By Chrysta Naron Anyone who’s watched educational videos with kids has probably seen one (or many) with the words printed at the bottom of the screen and a cheerful ball bouncing from word to word, guiding viewers along the text of a song or story. Other times, instead of a bouncing ball, the words might be highlighted, one by one, by a yellow box. The ball or box helps us follow along to the lyrics of “Hakunah Matata,” for example, or read along to Goldilocks and the Three . . .
By Penny Leigh Sebring As adults, many of us understand that gratitude is an important element of our mental and emotional well-being. Practicing gratitude and appreciation in our lives makes us happier as people. It reminds us to keep our eyes open to the wonders of the world and it helps us to be more resilient individuals. Expressing words of gratitude can improve our relationships with friends, family members, peers, and ourselves. And the benefits of gratitude can be seen just as . . .
By Laila Weir At MayaSmart.com, we’re all about supporting parents to raise readers by fostering literacy from day one—and all the days afterwards. Parents are uniquely positioned to help their kids build reading and writing skills that are best developed little by little over many years. Plus, the research shows that caregivers are an absolutely crucial part of the literacy equation. And a central tenet of the Maya Smart approach to raising readers is helping children learn through what . . .
By Chrysta Naron Knock knock. Who’s there? Boo! Boo who? Don’t cry. It’s only a joke! Or in this case, it’s only reading. Sometimes the OO spelling pattern can throw kids for a loop! The letters don’t make the short O sound (like hot) they learn to read first. And it doesn’t make the long O sound (like rope) that they know as the letter’s name. So just how can you teach your child the sounds that O makes when it’s doubled up? Play this . . .
By Mikee Mapalo Fun facts: Every word has at least one vowel, as does every syllable. (In fact, that’s the definition of a syllable: a word segment with a vowel sound!) Yet vowels are among the trickiest letters for kids learning to read, write, and spell. Every vowel can make a “short” sound, like A in cap, and a “long” sound, like A in cape. What’s more, they make different sounds when they’re doubled or combined with other vowels. Whew! Mastering all this takes practice, and as we . . .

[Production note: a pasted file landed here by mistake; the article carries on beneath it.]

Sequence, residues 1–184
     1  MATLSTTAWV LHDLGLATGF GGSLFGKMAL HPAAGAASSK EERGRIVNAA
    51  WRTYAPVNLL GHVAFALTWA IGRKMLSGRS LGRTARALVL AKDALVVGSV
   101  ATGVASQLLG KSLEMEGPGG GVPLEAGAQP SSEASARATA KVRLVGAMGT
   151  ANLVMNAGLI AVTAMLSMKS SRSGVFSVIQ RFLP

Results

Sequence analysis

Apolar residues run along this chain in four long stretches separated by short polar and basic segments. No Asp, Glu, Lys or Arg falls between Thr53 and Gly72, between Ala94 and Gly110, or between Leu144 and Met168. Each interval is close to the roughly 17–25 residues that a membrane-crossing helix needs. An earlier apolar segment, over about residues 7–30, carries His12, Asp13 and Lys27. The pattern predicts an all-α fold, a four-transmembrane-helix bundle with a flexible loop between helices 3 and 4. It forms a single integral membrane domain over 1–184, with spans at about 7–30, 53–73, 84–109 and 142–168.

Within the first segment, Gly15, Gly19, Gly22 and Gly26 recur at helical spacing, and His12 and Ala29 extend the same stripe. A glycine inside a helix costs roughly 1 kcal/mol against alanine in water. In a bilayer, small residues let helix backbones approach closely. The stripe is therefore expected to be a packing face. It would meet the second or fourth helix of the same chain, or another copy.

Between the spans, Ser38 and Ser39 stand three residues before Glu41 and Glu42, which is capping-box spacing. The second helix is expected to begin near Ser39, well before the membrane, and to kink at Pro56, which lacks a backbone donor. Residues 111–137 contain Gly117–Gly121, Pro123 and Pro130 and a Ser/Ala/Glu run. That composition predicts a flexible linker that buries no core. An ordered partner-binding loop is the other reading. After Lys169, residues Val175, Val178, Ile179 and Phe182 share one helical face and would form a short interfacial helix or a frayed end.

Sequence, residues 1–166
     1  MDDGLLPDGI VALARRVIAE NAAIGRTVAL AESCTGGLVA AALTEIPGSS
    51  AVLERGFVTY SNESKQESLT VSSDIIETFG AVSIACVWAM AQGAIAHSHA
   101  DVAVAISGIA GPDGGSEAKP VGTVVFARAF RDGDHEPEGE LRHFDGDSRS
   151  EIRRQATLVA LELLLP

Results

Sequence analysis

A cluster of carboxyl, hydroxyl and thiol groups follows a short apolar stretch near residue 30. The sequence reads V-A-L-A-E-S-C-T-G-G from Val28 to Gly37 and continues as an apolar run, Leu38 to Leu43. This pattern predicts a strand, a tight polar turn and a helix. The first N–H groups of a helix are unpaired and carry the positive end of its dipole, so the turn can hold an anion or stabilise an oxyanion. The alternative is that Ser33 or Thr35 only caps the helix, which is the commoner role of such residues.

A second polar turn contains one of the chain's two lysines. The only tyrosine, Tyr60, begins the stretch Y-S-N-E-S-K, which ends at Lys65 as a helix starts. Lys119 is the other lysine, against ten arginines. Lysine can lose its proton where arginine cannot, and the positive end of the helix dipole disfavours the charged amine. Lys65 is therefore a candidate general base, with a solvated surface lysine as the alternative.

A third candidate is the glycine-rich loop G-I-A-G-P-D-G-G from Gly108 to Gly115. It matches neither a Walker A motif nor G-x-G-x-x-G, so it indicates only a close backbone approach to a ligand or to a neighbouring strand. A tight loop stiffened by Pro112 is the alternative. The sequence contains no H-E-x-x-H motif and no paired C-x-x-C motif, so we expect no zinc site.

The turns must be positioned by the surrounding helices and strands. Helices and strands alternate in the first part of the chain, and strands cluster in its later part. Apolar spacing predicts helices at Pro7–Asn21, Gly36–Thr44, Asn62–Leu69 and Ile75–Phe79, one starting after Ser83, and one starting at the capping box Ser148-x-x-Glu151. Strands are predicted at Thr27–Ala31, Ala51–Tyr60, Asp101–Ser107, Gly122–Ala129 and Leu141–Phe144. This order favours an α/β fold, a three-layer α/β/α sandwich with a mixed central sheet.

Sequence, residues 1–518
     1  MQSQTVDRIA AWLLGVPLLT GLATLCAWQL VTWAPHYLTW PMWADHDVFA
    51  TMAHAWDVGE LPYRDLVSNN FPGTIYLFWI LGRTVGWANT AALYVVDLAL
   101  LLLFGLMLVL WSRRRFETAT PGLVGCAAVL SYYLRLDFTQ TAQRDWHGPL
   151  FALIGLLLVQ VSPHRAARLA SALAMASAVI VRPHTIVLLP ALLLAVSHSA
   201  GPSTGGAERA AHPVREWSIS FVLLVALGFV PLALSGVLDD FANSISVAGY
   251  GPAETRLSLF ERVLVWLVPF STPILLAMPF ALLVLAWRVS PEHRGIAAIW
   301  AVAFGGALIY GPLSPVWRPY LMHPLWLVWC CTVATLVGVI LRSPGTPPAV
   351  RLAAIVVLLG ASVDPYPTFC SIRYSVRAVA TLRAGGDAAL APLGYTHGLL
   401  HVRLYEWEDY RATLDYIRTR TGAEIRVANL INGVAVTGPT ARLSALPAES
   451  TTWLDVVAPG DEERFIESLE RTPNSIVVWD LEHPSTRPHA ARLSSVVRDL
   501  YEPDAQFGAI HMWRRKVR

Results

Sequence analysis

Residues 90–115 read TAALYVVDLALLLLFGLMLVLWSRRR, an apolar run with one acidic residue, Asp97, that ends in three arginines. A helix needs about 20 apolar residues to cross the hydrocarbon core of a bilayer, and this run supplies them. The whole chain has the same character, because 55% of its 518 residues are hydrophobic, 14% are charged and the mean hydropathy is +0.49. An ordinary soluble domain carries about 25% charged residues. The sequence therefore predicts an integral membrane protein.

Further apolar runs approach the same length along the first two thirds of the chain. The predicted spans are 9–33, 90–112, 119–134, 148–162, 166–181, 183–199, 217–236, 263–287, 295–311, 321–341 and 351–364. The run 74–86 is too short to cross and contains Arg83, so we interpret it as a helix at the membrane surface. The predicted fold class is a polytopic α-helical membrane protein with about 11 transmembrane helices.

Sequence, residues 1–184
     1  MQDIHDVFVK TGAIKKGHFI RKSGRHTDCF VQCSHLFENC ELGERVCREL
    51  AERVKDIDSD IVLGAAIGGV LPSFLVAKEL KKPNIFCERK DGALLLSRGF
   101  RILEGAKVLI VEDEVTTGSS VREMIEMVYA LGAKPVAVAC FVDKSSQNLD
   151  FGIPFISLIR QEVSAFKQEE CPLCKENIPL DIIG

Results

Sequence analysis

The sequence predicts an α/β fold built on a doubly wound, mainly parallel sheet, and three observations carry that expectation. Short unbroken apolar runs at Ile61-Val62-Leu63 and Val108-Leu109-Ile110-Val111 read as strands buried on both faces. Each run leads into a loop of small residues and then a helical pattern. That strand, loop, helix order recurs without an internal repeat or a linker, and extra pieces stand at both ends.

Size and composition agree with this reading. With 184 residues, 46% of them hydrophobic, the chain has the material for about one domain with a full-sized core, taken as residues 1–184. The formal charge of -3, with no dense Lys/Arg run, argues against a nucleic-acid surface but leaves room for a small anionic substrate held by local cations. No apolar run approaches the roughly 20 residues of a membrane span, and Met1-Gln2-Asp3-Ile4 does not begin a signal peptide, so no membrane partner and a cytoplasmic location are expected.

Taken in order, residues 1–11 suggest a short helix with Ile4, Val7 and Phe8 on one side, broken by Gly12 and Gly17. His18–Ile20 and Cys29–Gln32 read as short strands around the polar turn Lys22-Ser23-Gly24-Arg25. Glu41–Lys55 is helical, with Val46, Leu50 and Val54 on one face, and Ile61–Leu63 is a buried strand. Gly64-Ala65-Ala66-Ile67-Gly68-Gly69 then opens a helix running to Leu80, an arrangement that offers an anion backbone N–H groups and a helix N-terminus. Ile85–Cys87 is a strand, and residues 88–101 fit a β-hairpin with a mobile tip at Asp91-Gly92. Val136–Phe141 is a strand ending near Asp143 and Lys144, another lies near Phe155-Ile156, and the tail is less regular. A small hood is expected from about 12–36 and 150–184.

By Chrysta Naron Arrr, me mateys! It’s the 19th o’ September, which means we be celebrating “Talk Like a Pirate Day!” For this silly and seaworthy occasion, we’re taking the opportunity to create a pirate treasure map reading activity and story time. And, along the way, we’ll be working on literacy and an important life skill: the ability to follow written directions. With that goal in mind, the treasure map we’ll be creating today isn’t any ordinary one. Instead of pictures, dotted lines, . . .
By Maya Payne Smart I woke up at 3 a.m. on the morning of my daughter’s return to full-time in-person school this year and cracked open Unwinding Anxiety by Dr. Judson Brewer. It seemed like the perfect book to help set the right tone for the long day ahead. I was anxious because it was my daughter’s first day at a new school in a new state. I was anxious because the school had sent a heads-up email the night before warning that there could be pick-up delays due to a bus driver shortage. . . .
By Chrysta Naron Halloween is one of my favorite holidays. It has costumes, candy … and lots of ways to make learning fun. Building little moments of literacy practice into everyday activities is the best way for parents to raise a thriving reader. So we’ve put together some favorite tips for how to make Halloween a reading holiday. For many parents, teaching your child to read can feel a bit scary. But with these fun tricks, Halloween reading becomes a real treat (for kids—and their . . .
By Courtney Runn Whether you and your family root for your college team or love to watch your favorite NFL players, you’ll all be a fan of these football picture books! These sweet reads capture the magic of a fall day in the stadium: the excitement in the stands, the heartbreaking losses, the underdog victories, the athletic feats, and the inspiring stories of the players themselves. Aspiring football players and all sports fans—kids and adults alike—will enjoy learning about legendary . . .
By Mikee Mapalo Did you ever wonder why storybooks for kids are filled with illustrations or visuals? It’s because it’s proven that using illustrations alongside text helps in increasing children’s learning retention. According to Dr. Haig Kouyoumdjian, “Words are abstract and rather difficult for the brain to retain, whereas visuals are concrete and, as such, more easily remembered.” This is the power of visual imagery in learning. There are a lot of fun ways to encourage young kids to . . .